Items in italics are direct quotes from the articles below
Americans are famous for using filler words like “um”, “uh”, “like” and “y’know”. On average, we utter two to three filler words for every 100 words we speak. One method to stop using filler words is the clap method. Ask someone to listen to you speak and clap whenever you use a filler word. It will seem weird at first, but you’ll be able to determine how many filler words you use in your daily conversation. The self-recording method involves setting up a camera or cell phone device to record yourself during conversation. The best way to correct yourself from using filler words is by pausing in between each thought. “It is a matter of training yourself to tolerate a long pause and telling yourself that you will not lose people’s attention or respect.” – Paula Statman. People will also use filler words when experiencing anxiety. A good way to manage this anxiety is to shift your focus to helping the audience. Finally, it’s important to practice giving speeches, so you will build your confidence. The best way to communicate your spirit is through your words, and in my opinion the most efficient and effective way to communicate your words is through speaking. Your spoken words can communicate tone in a way that written words can’t. Remember that words are powerful. Words can become flesh.
“Today a reader, tomorrow a leader.”
Want to know one of the “secrets” to becoming a better leader? Become a more voracious reader. One of the best ways to “stand on the shoulders of giants” is to read. We hear it all the time–that the most successful people, our greatest leaders, are people who read constantly (including Bill Gates, Steve Jobs, Elon Musk, and Warren Buffett). Reading for leaders is a way to broaden their knowledge, to expand their world view, to gain insight and widen their perspectives. But the secret is knowing what to read. Not every book will get you where you need to be. Here is my list of the top five books you must read if you want to become a more successful, well-rounded leader. The five books are: The Leadership Gap: What Gets Between You and Your Greatness, Turn the Ship Around! A True Story of Turning Followers into Leaders, Give and Take: Why Helping Others Drives Our Success, The 48 Laws of Power, and Wooden on Leadership: How to Create a Winning Organization. Each book is worth reading, however I’ve selected a direct quote from the article regarding the 48 Laws of Power. “When you show yourself to the world and display your talents, you naturally stir all kinds of resentment, envy, and other manifestations of insecurity. … You cannot spend your life worrying about the petty feelings of others.” A contrast to the usual “feel-good” tone of most leadership books, The 48 Laws of Power brings a hard-edged ruthless grit based on the philosophies of Machiavelli, Sun Tzu, and Carl Von Clausewitz and stories of politicians and other manipulators throughout history. Robert Greene’s “48 laws” focus on making yourself look good, building your own confidence, self-preservation, and winning. Even if it’s a message you’re not entirely comfortable with, it’s one you need to know. It’s important to listen to different points of view even if you may not agree with the point of view. Each of these books, I believe will help draw out the leader in you. Be a servant leader and serve for the greater good of eternity and legacy. Just remember that when you lead you can be the target that gets hit first, so be true to the values you believe in.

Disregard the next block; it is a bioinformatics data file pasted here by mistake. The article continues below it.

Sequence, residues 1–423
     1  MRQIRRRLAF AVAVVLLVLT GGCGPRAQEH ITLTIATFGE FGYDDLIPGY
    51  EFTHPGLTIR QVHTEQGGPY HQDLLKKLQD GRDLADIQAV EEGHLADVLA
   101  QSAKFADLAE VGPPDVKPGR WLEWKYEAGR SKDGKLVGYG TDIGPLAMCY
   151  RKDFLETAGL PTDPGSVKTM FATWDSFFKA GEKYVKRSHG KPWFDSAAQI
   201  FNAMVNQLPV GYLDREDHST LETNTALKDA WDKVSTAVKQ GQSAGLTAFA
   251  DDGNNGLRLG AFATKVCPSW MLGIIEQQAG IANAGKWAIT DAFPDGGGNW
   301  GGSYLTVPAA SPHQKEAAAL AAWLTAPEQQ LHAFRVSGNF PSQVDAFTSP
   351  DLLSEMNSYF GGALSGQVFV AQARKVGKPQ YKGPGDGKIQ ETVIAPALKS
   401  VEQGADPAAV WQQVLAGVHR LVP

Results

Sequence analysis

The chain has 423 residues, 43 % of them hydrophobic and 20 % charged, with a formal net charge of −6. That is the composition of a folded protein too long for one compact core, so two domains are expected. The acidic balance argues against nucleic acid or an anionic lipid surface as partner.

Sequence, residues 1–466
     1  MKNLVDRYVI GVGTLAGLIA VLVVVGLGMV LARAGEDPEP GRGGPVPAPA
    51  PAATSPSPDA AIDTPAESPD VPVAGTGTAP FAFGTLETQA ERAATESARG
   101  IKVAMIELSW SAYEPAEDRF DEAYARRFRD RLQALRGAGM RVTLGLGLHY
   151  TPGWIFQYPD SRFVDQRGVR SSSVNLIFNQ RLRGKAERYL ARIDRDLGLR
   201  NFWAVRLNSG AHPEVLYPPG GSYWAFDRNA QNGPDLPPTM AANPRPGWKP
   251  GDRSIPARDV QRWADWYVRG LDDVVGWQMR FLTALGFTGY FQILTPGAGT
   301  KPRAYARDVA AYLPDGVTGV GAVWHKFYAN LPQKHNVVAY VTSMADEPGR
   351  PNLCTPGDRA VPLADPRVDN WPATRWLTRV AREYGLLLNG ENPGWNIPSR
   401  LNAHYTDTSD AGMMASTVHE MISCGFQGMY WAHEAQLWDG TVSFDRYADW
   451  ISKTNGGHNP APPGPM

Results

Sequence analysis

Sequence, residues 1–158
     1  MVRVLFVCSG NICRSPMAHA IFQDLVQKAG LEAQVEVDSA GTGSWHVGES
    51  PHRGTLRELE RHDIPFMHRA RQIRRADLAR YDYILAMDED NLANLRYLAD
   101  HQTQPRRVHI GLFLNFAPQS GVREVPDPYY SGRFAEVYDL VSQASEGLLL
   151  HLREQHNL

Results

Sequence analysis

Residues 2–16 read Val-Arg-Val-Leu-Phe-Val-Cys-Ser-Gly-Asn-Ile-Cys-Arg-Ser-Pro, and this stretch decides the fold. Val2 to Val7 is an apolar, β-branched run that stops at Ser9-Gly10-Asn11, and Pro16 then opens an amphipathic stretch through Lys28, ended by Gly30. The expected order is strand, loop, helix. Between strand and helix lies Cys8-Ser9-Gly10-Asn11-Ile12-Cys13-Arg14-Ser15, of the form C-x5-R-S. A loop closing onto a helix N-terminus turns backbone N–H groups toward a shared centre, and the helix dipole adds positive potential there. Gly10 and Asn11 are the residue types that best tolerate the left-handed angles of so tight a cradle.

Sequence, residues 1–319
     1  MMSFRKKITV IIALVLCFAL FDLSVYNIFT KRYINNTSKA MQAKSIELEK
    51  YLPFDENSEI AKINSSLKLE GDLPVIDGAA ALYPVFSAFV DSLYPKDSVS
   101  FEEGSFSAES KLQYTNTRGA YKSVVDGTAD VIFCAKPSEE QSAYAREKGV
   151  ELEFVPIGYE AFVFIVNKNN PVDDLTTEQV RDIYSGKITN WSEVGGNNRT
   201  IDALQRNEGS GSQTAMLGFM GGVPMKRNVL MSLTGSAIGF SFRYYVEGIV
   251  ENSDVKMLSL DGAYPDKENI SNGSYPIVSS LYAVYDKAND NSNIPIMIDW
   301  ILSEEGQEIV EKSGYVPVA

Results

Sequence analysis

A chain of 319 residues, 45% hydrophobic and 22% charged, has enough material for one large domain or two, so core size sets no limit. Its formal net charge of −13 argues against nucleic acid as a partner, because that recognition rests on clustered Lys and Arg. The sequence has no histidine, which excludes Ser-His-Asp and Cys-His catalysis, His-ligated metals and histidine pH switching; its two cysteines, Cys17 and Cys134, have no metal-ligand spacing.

For this week, I’ve included SINK OR SWIM – Motivational Video | You don’t have to face yourself on Friday from Fight it or Accept it YouTube channel.
“If you think you know it all, you’re a fool for sure; real survivors learn wisdom from others.”
Proverbs 28:26 MSG